California Attorney General Rob Bonta has never minced words in expressing his position that consumers should be protected from guaranteed asset protection (GAP) waivers. This trend continued with his sponsorship of AB 2311, authored by California State Assemblyman Brian Maienschein.
Bonta stated that “when Californians walk into a dealership to buy a car, they should feel confident that they’re not getting ripped off. Unfortunately, auto dealers often play off our anxieties around making this big purchase, convincing us to add on unnecessary products for hundreds of additional dollars. Paying off your auto loan is hard enough without these junk products tacked on.”
California bill AB 2311 was signed by California Governor Gavin Newsom on Sept. 13, and is effective Jan. 1, 2023; it regulates GAP waivers sold in connection with conditional sales contracts (CSC), giving holders, sellers and providers of GAP waivers just over 90 days to comply. The bill, which will amend sections 2981-2983.1 of California’s Civil Code, includes requirements on both the origination and servicing/termination side of two-party GAP waivers. It does not apply to GAP insurance.
The origination requirements are applicable to any GAP waiver originated on or after Jan. 1, 2023. Requirements for necessary disclosures are similar to what we have seen in other state’s GAP waiver laws. These include: separate itemization of the GAP cost financed, a statement that the GAP waiver is optional, that the holder of the CSC is the contracting party to the GAP waiver, and the name and mailing address of the seller and any administrator.
The latter three must appear in a document separate from the CSC, which must also include a bolded, capitalized statement immediately above the contract signature line advising the consumer to “STOP AND READ” and explaining again that purchase of a GAP waiver is optional; it cannot affect the consumer’s finance terms; and that is unlawful for the seller to require its purchase.
Notably, California has gone further than other states in its origination restrictions by prohibiting sales of a GAP waiver when the waiver will not cover or will only partially cover the gap amount, and by controlling the cost of the GAP waivers. The charge for the GAP waiver cannot be more than 4% of the amount the buyer finances under a CSC.
Further, a GAP waiver cannot be sold if: (a) the amount financed exceeds a maximum dollar amount covered by the GAP waiver; (b) the loan-to-value (LTV) ratio at the contracting date exceeds the maximum LTV ratio covered by the GAP waiver, unless agreed to by consumer after conspicuous disclosure; and (c) the amount financed is less than 70% of the MSRP for a new motor vehicle or the average retail value for a used motor vehicle, as determined by a nationally recognized pricing.
In the California Senate’s companion bill SB 1311, section 408.1 of California’s Military and Veteran Code was amended to prohibit a security interest in a retail transaction for motor vehicles that includes credit insurance or other credit-related ancillary products — including but not limited to a GAP waiver — from being perfected if the loan was obtained by a “covered member,” as defined in the Military Lending Act pursuant to Section 987 of Title 10 of the United States Code.
This is important to note because a holder may collect installments owed on the contract, but it couldn’t repossess the collateral — making it effectively an unsecured contract. This will eliminate the option of service members to purchase GAP waivers in California. Holders are also grappling with how to logistically verify which consumers are active members of the armed forces.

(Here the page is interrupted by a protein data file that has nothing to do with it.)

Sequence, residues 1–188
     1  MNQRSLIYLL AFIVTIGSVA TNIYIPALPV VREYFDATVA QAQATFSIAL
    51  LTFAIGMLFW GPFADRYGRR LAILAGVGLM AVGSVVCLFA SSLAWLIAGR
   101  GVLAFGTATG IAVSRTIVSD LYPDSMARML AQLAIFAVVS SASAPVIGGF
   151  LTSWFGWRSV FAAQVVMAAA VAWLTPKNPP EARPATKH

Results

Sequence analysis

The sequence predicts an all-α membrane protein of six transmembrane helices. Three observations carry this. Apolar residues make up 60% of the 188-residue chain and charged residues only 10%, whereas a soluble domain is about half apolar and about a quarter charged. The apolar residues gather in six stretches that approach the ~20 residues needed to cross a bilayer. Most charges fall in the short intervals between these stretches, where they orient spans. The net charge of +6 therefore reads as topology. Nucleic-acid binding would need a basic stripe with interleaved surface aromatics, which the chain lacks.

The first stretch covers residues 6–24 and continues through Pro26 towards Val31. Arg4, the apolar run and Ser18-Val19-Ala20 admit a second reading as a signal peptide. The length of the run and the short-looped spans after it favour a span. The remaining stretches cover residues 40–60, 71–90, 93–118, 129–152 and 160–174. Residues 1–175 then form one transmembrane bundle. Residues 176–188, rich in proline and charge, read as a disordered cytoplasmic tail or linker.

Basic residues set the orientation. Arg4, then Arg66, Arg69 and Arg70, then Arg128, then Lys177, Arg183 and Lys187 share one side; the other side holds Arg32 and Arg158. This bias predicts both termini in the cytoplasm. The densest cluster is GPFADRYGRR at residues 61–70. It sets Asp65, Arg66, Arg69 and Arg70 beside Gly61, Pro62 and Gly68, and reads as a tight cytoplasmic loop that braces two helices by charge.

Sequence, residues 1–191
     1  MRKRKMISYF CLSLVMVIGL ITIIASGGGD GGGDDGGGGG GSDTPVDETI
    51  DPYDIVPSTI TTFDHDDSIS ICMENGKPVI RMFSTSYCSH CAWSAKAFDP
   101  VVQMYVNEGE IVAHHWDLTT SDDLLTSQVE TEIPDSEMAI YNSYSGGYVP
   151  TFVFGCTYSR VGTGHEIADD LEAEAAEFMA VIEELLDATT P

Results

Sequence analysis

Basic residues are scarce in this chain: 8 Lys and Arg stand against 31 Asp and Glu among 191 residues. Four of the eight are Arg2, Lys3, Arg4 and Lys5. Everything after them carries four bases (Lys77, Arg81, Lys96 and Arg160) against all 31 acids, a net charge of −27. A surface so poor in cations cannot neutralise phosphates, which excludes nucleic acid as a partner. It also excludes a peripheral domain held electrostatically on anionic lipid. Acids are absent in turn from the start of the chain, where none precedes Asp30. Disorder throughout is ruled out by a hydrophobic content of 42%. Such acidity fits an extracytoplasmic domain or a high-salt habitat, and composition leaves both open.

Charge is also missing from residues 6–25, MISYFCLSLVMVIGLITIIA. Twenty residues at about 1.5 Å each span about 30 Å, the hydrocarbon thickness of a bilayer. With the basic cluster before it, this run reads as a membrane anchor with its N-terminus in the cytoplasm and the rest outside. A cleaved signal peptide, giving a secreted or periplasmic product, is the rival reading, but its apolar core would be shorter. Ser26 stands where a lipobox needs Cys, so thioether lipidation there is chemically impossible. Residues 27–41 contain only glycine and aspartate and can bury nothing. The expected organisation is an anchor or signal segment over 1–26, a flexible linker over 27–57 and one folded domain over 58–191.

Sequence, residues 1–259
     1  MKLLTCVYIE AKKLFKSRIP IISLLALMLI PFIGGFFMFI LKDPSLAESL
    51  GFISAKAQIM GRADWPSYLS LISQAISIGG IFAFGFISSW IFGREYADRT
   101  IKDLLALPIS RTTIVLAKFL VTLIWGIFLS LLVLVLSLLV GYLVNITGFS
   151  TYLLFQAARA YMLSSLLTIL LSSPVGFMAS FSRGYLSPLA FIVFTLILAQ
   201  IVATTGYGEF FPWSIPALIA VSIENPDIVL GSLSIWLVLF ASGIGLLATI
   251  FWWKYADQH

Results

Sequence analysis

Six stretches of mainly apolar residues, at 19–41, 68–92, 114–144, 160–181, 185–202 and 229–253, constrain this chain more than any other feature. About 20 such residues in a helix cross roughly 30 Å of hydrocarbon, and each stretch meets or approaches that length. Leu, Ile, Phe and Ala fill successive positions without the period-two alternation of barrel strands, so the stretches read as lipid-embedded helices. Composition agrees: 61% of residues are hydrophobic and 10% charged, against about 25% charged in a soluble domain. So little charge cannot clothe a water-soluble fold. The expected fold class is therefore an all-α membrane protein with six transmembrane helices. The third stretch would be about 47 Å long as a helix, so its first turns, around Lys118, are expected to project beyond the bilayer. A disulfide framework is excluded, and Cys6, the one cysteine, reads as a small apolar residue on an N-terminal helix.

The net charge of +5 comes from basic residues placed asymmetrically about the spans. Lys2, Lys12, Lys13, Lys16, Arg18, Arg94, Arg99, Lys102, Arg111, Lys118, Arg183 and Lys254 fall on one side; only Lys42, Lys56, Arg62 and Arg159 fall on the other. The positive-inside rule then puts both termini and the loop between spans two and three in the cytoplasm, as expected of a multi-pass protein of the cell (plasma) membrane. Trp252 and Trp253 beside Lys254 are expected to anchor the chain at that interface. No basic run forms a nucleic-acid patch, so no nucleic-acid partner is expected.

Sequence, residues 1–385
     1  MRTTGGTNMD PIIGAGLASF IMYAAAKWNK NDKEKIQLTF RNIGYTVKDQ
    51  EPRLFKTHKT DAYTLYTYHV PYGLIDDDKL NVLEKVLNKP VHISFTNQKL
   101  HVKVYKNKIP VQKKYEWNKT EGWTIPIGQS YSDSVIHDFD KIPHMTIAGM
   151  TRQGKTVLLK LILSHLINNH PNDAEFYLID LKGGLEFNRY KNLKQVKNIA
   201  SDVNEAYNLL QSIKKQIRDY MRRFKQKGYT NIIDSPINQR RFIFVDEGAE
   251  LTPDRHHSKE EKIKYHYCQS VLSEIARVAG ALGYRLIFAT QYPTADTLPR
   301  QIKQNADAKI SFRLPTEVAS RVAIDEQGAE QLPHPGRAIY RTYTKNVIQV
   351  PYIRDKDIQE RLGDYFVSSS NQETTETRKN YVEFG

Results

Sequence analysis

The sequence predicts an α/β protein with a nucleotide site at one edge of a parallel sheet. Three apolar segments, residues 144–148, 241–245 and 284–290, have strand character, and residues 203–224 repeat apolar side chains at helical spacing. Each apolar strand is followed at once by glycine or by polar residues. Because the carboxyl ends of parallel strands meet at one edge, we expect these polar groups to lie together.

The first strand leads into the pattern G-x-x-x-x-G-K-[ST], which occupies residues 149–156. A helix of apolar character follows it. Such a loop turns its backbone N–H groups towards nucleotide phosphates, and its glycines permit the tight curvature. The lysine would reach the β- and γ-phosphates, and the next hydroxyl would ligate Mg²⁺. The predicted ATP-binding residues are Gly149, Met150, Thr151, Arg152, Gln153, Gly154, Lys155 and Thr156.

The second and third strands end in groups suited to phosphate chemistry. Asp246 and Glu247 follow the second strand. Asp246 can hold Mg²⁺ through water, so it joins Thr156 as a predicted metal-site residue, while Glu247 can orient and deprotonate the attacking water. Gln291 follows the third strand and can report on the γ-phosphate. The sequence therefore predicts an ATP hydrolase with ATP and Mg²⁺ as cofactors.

Servicing and termination
The servicing and termination requirements are applicable to any GAP waiver still active on or after Jan. 1, 2023, regardless of when they were entered. These requirements are more stringent than what we’ve seen in most other states.
When communicating in writing an itemized contract balance to the buyer, including a payoff letter, payoff quote or any written notice required after repossession, the holder of a CSC that includes a GAP waiver must individually identify the amount of the pro-rata credit or refund which would be due to the buyer if the GAP waiver were cancelled on a given date.
This requirement may also be accomplished by letting the consumer know to contact the GAP waiver administrator for the amount of such a refund. Within 60 business days from the termination of a GAP waiver, the holder must tender the refund required or cause the refund to be made by instructing the administrator in writing to make the refund. When the GAP waiver is terminated, no cancellation fee, termination fee or similar fee may be charged.
If a holder of a CSC that includes a GAP waiver violates the refund or cancellation fee provisions of the new regulation, the buyer may recover from the holder three times the amount of any GAP waiver charges paid.
As more states continue to regulate GAP waivers — and particularly GAP waiver refunds — many holders with a national platform are discussing or beginning to adopt a 50-state automatic refund model.
Using some of the most stringent laws as a base, many of the California regulations may end up in holder refunding practices in other states as well. As this will take time and require systems to implement, most in the industry have suggested that to meet California’s requirements, they will generally inform the consumer that they may be entitled to a refund of the unearned portion of a GAP waiver on any written itemization of the balance and direct them to contact the administrator for the exact amount.
Further, it has been suggested that the holders will advise administrators in writing that the GAP waiver has been terminated and a refund is due. Best practice for holders is to keep a copy of both the written notice and evidence that the refund has been made to the consumer from the administrator.